This morning – 26 October 2013 – at Jacob Riis Park in coastal Queens, New York, I was very pleased to see hordes of sparrows in every bit of brush, long grass, and anywhere else that you could fit a sparrow. Overnight, northwest winds had been blowing which made for perfect migratory conditions and the number of sparrows around showed that the birds had taken advantage of them. One of the most abundant species was the one that might trip up new birders more than any other sparrow, Passerculus sandwichensis, the Savannah Sparrow.

One individual in particular caught my eye, probably because when I saw it perched low in some brush it was so puffed up to fight the cold that it looked nearly as rotund as an antpitta. Early morning light was behind me, the bird was in front of me, and I had my digiscoping apparatus ready to go. Because I don’t need to be close to the birds to get a decent shot when digiscoping I kept my distance and was pleased to see that the Savannah Sparrow was relaxed enough to preen. It’s amazing the contortions that a bird goes through as it cleans itself and I thought that it was worth sharing the images I got of this particular bird keeping its plumage in fine shape. Enjoy!

puffed up Savannah Sparrow

Like I said earlier in the post, when I first arrived the Savannah Sparrow was all puffed up.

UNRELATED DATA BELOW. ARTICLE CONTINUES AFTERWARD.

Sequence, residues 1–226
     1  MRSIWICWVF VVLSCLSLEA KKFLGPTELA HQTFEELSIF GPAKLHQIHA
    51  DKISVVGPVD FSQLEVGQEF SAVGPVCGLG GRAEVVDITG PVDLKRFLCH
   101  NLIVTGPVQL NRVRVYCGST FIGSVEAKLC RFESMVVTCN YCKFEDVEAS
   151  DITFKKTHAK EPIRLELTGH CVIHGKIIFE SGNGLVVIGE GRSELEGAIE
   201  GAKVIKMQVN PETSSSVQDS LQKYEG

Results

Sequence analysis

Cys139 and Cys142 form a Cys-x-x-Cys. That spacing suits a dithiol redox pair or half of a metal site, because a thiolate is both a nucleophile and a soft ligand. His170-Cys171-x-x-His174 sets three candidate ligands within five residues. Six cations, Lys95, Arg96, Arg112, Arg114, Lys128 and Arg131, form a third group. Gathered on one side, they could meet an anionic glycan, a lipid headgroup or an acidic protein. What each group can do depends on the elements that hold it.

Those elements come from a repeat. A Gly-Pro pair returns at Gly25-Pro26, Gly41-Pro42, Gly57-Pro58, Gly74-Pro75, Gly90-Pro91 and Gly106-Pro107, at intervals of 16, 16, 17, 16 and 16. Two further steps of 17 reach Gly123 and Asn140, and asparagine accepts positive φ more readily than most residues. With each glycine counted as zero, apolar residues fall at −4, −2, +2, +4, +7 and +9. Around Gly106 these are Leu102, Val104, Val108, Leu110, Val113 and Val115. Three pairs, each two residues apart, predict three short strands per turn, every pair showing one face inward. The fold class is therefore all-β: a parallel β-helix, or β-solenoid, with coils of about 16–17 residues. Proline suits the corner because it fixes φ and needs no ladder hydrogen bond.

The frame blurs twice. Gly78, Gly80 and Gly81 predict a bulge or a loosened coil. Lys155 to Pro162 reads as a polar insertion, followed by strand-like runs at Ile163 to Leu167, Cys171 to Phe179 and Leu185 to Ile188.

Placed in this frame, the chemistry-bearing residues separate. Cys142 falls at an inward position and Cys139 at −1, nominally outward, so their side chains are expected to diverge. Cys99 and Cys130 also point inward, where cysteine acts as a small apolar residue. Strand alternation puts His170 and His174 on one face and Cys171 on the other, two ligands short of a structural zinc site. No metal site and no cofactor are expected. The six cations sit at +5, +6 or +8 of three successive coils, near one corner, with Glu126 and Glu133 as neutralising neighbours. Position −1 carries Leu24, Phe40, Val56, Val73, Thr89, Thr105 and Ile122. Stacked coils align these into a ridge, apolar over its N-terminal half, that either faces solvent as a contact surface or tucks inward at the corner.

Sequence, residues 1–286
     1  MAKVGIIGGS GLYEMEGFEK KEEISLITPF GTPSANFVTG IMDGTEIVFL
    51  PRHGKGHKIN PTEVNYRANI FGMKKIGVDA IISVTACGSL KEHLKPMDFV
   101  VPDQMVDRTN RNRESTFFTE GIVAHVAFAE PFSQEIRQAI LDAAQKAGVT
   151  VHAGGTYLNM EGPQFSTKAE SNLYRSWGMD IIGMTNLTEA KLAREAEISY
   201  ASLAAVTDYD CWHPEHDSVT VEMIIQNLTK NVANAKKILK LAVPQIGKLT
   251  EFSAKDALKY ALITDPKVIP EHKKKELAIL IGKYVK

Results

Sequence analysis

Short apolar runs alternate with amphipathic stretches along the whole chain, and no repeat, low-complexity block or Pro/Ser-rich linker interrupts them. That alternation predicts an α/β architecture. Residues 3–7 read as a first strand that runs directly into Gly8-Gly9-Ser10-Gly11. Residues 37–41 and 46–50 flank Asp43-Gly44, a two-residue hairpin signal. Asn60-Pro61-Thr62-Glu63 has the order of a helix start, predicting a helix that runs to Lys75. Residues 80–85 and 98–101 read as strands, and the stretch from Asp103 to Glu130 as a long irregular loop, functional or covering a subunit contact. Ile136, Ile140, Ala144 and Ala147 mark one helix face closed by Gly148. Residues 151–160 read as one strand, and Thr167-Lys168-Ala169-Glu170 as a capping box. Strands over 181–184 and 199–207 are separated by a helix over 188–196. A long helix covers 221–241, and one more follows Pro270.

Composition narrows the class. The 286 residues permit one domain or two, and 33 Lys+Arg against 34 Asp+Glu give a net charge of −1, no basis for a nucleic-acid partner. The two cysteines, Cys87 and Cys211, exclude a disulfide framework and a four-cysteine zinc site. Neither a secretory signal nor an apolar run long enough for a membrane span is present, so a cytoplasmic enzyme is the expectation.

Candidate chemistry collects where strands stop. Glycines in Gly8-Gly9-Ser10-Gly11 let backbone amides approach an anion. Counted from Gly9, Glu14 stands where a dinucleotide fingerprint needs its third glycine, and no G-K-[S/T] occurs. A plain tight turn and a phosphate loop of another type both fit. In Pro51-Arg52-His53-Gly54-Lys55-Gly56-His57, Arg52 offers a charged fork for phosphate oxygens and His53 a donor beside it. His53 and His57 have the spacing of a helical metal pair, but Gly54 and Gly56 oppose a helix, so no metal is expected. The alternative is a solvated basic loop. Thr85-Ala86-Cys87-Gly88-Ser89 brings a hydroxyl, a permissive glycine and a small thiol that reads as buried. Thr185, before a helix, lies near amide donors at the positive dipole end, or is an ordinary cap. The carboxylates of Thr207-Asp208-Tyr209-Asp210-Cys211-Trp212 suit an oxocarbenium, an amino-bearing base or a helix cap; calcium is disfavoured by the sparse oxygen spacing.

preening Savannah Sparrow

The Savannah Sparrow would straighten up whenever it was working on any of the feathers on the front of its body.

Savannah Sparrow preening its wing

Particular attention was given to the bird’s primaries – they need to be in shape if it wants to fly!

preening Savannah Sparrow back

In this shot I think the bird is going for its uropygial gland. The gland is on the bird’s lower back and provides oil to keep feathers clean, shiny, and flight-worthy.

Savannah Sparrow cleaning its foot

Birds must not focus entirely on their feathers – their feet need to stay clean too!

Savannah Sparrow ready to fly

Once preening was done the Savannah Sparrow made its way higher in the brush and took off for some foraging.

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Written by Corey
Corey is a New Yorker who lived most of his life in upstate New York but has lived in Queens since 2008. He's only been birding since 2005 but has garnered a respectable life list by birding whenever he wasn't working as a union representative or spending time with his family. He lives in Forest Hills with Daisy, their son, Desmond Shearwater, and their indoor cat, B.B. His bird photographs have appeared on the Today Show, in Birding, Living Bird Magazine, Bird Watcher's Digest, and many other fine publications. He is also the author of the American Birding Association Field Guide to the Birds of New York.